After what was described as a heated first board meeting hosted by new chair Ian Beattie, both Coates and Symington announced their decisions to walk away with immediate effect from tenures beset by infighting.
It reached a crux point at the Diamond League meeting in Zurich last month when leading British athletes raised their concerns for the plight of the sport in the UK to World Athletics president Seb Coe.
It came following reports of cuts to coaches, including those of some of Britain’s leading lights, and is the latest negativity to have blighted UKA.
There was the scandal over the previously appointed CEO in Zara Hyde Peters, who resigned before beginning the role over serious safeguarding issues. UKA was also criticised by the Street review, an independent investigation launched by UK Sport which reached its conclusions midway through last year.
It leaves UKA and the sport once again having to rebuild itself after a worst Olympic performance since Atlanta in 1996, which instigated the launch of National Lottery funding.
Beattie will lead that rebuild with Mark Munro, who steps up from his role as UKA development director to interim CEO for six months.
And it is hoped faith from athletes can be restored – many questioned the fact that the first they heard about the announcement on Thursday was via social media – with the potential return of Stephen Maguire, who had previously left the organisation after missing out on the head coach position to Malcolm.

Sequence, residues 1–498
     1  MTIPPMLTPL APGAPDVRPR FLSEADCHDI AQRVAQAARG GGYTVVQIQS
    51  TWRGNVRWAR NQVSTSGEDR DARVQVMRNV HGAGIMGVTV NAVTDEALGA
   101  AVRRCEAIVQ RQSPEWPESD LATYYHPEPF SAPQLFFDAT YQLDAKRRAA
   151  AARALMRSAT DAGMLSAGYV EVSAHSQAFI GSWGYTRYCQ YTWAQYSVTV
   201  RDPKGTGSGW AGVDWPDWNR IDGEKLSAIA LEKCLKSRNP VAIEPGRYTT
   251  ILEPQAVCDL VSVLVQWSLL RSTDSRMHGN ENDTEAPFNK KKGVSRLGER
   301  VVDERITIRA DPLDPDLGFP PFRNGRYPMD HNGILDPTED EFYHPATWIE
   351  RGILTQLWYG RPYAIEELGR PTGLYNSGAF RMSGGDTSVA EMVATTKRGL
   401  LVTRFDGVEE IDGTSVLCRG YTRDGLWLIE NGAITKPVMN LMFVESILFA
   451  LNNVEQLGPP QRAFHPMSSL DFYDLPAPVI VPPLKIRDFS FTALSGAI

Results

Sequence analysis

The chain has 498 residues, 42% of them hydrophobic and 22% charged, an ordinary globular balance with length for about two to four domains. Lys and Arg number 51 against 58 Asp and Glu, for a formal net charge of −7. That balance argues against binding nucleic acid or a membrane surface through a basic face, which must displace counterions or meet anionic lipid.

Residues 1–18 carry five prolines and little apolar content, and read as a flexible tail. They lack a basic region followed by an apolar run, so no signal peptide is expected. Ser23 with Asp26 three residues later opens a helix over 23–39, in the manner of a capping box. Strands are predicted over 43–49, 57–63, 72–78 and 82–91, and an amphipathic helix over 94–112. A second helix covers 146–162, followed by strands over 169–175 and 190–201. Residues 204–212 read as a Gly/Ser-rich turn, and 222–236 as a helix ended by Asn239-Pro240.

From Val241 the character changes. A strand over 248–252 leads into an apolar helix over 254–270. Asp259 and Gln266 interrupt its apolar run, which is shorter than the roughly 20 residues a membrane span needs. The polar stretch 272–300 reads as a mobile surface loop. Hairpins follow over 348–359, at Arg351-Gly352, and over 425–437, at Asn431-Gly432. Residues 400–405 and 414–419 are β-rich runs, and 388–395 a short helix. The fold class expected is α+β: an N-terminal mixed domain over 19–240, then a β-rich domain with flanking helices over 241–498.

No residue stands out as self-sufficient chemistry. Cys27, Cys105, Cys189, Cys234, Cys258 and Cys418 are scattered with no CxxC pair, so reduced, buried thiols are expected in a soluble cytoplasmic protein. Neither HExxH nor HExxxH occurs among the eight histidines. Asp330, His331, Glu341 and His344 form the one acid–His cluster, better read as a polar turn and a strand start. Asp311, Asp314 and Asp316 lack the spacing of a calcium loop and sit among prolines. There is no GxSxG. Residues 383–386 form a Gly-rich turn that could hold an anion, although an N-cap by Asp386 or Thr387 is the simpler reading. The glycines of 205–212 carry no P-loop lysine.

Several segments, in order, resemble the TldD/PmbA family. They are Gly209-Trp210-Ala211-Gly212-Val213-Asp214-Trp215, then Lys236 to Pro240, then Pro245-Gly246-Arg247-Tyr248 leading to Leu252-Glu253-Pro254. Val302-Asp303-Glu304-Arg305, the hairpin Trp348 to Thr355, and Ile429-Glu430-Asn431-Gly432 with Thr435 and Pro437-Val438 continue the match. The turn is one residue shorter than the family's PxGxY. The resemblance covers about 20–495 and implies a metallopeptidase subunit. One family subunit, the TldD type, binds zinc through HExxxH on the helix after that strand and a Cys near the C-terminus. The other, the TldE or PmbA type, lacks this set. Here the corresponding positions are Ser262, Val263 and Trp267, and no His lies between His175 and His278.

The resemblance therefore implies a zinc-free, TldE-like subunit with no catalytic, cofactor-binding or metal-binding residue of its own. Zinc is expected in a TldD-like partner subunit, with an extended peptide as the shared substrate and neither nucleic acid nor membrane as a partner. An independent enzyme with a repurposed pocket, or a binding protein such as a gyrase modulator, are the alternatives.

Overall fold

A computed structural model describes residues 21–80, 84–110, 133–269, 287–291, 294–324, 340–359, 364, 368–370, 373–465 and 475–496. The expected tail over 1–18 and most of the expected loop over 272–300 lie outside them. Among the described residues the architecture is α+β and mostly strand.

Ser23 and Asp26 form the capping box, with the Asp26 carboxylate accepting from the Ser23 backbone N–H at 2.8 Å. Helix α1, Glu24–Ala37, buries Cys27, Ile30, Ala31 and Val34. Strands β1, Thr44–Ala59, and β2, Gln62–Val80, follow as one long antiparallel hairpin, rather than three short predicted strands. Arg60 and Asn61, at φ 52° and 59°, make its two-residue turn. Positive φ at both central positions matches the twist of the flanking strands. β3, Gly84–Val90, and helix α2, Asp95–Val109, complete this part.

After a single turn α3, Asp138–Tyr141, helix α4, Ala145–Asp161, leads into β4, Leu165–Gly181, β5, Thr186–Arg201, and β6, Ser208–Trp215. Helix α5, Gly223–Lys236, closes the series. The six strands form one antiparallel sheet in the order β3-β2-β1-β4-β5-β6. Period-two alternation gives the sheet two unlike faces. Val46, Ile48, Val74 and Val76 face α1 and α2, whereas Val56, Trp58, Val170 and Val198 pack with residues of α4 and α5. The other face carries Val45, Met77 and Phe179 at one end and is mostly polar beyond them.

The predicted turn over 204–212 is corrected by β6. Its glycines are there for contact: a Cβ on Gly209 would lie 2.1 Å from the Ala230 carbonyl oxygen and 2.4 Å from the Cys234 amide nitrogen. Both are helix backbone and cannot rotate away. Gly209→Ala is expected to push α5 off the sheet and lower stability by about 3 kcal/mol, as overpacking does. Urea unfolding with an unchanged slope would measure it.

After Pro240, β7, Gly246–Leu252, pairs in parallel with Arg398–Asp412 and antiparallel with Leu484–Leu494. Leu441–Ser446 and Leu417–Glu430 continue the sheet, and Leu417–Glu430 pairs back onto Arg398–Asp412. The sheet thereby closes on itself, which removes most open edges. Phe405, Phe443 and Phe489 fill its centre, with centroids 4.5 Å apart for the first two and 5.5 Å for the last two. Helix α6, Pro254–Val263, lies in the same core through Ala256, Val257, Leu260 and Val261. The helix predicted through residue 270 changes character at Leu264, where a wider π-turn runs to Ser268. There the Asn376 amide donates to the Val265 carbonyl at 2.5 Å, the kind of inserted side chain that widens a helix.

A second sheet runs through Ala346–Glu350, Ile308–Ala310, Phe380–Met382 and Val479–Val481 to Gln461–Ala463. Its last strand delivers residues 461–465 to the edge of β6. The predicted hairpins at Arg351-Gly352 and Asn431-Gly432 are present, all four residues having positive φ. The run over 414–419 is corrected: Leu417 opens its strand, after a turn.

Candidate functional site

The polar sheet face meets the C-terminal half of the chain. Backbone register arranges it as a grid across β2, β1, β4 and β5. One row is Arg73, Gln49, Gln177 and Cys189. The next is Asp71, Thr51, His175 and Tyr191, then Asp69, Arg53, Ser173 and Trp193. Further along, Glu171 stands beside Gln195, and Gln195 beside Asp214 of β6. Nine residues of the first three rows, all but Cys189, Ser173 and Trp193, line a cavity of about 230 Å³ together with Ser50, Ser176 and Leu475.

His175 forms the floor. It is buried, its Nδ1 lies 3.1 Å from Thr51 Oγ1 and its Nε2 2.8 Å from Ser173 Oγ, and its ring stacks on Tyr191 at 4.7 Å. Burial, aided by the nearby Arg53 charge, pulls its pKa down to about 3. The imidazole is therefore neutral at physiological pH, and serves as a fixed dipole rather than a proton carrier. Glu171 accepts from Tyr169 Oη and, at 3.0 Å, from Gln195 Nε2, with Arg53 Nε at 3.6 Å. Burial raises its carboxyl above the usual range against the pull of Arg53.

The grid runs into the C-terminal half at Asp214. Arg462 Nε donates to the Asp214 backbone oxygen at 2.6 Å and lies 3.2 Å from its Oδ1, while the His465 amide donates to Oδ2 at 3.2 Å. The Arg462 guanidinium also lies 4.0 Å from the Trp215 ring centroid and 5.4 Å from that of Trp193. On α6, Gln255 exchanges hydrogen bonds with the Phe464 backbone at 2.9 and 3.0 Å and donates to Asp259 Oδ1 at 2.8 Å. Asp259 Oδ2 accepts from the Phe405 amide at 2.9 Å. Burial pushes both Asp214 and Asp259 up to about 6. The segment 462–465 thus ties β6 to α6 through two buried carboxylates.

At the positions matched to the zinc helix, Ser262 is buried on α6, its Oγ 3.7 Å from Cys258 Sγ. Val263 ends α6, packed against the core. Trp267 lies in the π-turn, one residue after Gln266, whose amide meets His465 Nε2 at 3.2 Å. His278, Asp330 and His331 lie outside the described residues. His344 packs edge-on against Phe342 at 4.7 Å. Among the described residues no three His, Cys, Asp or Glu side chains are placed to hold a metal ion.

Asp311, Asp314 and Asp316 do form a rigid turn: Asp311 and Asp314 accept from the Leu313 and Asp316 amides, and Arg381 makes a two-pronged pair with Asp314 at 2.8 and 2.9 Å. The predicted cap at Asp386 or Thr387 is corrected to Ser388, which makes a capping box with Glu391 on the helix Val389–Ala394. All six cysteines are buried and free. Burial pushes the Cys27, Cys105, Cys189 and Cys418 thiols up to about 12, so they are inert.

Symington has walked straight into a new role at British Cycling, the announcement made moments after her UKA departure and raising eyebrows within the sport.
One athlete, Tom Bosworth, who recently missed out on the latest round of athlete funding, responded with “wow” and a snake emoji.
He added: “Let’s make it clear this performance director said hello to me once outside a lift on a camp, that gave her enough knowledge that I wasn’t good enough to match their standards! Why aren’t NGBs held to the same standards as the athletes! Total disgrace.”
Munro will be among the candidates as CEO long-term but there has also been a push for Jack Buckner, whose reputation has been buoyed by the resurgence of British Swimming, where he is the current CEO.
Whatever the appointment, UKA faces a painful reconstruction, this time the hope being it is without controversy.